Further, I have some doubts about the interest rate. The pimp says that she received 3% from the previous owner of the establishment, and this is very little. That's the 40% that Rackham promises, which is a normal share. Moreover, speaking about the prices in this institution, one of the girls says that she served the client for 5 piastres, and the other accuses her of the fact that the price of this service is 20 piastres, so the first young lady either hid the money or out of kindness did not take the full amount. Let's first understand what piastres are. Piasters are thalers, a name that was widely used in Southern Europe and Turkey, so the real name of this coin is thaler. Thalers began to be minted at the end of the 15th and beginning of the 16th century in the Czech Republic. Their name comes from the word "Joachimstal", that is, the valley of St. Joachim or the valley of St. Efim, and joachimsthaler is something that comes from the valley of St. Joachim. The modern dollar is nothing more than a thaler, just with a modified part. This coin weighed quite a lot, about 27 g of pure silver, and the diameter of this coin was about 5 cm, that is, it was quite thick. The piastres themselves were beautiful; the profile of the king was usually placed on the front side. Medal art in the 16th-17th centuries, of course, stood at its best, and for monarchs, placing their portrait on a coin was the most important means of propaganda.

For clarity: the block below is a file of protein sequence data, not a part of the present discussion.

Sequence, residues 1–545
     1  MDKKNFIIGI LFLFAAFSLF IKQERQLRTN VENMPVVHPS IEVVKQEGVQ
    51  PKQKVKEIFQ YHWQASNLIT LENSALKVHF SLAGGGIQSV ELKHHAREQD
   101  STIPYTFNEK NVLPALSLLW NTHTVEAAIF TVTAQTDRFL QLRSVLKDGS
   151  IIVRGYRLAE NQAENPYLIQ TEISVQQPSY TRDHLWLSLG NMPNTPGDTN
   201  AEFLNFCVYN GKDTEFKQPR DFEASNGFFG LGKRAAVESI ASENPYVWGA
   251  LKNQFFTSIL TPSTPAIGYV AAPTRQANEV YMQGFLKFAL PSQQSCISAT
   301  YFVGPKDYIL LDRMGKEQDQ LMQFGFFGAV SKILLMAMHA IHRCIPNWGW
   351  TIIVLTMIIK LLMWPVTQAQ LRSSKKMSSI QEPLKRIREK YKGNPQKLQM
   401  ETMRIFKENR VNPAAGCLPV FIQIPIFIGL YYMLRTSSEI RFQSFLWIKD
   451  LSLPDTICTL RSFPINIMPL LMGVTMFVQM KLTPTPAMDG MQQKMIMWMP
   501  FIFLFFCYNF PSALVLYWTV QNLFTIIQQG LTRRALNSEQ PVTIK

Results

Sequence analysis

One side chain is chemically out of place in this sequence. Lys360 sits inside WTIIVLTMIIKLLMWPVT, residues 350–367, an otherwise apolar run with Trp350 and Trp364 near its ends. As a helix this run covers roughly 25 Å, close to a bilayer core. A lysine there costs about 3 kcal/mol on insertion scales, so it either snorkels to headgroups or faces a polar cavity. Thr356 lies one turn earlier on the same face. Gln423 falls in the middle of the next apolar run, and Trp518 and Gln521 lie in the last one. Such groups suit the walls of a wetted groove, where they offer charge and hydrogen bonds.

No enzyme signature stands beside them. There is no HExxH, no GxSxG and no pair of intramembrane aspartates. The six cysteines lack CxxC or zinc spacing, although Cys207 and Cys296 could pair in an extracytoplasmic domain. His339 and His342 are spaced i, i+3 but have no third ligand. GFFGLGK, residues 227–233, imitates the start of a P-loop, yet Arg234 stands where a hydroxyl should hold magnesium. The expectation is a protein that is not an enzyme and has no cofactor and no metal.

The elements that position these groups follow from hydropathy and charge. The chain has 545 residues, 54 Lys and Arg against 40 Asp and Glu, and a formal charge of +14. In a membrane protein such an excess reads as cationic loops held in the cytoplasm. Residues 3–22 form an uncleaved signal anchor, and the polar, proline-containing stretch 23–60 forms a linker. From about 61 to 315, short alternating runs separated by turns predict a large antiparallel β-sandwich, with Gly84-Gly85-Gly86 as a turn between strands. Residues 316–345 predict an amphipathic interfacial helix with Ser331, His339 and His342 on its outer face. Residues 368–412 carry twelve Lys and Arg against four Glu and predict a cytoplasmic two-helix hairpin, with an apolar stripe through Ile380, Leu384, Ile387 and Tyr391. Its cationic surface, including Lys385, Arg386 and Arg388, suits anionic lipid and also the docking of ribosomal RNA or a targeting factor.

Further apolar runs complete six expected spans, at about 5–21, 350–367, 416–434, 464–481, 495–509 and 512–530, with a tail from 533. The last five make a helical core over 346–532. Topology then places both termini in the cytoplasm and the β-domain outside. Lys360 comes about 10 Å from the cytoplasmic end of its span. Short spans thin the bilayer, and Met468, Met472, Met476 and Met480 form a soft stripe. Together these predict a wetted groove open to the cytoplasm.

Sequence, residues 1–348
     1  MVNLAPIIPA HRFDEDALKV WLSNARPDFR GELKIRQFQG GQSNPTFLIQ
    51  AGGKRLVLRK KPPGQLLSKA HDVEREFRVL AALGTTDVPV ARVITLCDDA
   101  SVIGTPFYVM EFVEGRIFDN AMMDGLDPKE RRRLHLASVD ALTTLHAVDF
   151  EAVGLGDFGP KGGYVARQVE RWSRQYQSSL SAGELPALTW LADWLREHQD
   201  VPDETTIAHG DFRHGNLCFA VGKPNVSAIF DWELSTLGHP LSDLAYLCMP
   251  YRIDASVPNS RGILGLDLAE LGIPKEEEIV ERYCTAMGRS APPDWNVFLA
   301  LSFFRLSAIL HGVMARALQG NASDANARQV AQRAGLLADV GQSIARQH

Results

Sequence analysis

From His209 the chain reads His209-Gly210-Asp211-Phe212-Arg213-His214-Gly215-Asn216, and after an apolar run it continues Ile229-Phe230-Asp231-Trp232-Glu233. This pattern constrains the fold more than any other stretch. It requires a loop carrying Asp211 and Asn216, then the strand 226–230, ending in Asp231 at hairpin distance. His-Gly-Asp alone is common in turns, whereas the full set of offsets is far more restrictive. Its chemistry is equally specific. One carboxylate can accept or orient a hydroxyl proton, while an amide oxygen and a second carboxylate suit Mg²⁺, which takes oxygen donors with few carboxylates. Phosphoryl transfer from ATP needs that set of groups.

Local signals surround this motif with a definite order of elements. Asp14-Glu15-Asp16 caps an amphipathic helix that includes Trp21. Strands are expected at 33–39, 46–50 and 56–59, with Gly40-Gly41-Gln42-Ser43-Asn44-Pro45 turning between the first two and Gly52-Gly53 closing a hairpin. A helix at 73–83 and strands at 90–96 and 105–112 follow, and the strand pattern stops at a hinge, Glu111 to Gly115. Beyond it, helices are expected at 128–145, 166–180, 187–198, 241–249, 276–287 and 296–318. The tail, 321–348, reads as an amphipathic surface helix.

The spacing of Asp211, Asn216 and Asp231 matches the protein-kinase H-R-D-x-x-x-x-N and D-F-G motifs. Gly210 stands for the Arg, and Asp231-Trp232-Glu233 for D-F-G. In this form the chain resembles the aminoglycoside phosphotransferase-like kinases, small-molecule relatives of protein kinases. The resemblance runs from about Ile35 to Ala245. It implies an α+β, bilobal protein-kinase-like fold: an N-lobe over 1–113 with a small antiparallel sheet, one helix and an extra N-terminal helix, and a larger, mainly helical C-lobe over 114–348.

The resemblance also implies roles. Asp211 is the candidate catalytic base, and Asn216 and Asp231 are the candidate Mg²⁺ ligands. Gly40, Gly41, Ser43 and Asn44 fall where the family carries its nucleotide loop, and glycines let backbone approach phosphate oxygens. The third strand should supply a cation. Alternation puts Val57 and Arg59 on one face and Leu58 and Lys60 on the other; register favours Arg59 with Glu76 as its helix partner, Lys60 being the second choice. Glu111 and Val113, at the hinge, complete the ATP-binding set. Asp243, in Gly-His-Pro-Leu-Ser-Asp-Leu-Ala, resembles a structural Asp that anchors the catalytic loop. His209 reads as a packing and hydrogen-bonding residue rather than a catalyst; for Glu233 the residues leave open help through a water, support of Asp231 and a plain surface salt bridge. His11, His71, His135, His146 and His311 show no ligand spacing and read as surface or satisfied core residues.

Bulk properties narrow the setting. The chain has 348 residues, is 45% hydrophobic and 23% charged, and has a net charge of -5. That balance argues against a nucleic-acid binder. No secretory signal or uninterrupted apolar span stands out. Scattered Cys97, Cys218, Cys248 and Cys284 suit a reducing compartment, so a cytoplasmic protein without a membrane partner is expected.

When there were no Internet, television, radio, or newspapers, people learned that some kind of king rules their country from two sources: decrees that were hung somewhere in the city center or read by heralds, but the main source of knowledge about the ruler was a coin. That is, everyone who took this silver round in their hands understood for sure that this or that king rules the country, whose portrait he sees, and whose name is written around this portrait. There could be different images on the back of the thaler, but very often the denomination was not indicated at all until the 18th century, because the size and material of the coin itself were quite characteristic. By the way, the fact that in modern England they continue to issue coins of various shapes is because at one time the shape of the coin was one of the main sources of information about its denomination, and the denomination was not put on it. There was no denomination on the thaler, so the coin was called differently. In Russia, she was called "Efimok", in France, she could be called "Ecu", in Spain — "Escudo".